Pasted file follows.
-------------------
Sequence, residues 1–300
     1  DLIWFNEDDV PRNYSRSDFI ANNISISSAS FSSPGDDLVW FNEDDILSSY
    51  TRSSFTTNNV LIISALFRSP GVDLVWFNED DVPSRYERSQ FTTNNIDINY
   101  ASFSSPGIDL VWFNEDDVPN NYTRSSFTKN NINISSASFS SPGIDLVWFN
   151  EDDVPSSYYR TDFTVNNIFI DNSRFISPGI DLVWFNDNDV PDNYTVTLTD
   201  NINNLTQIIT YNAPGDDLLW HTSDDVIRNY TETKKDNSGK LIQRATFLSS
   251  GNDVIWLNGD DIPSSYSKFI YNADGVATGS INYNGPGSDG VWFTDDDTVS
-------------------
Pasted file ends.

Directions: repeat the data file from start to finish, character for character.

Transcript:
Sequence, residues 1–300
     1  DLIWFNEDDV PRNYSRSDFI ANNISISSAS FSSPGDDLVW FNEDDILSSY
    51  TRSSFTTNNV LIISALFRSP GVDLVWFNED DVPSRYERSQ FTTNNIDINY
   101  ASFSSPGIDL VWFNEDDVPN NYTRSSFTKN NINISSASFS SPGIDLVWFN
   151  EDDVPSSYYR TDFTVNNIFI DNSRFISPGI DLVWFNDNDV PDNYTVTLTD
   201  NINNLTQIIT YNAPGDDLLW HTSDDVIRNY TETKKDNSGK LIQRATFLSS
   251  GNDVIWLNGD DIPSSYSKFI YNADGVATGS INYNGPGSDG VWFTDDDTVS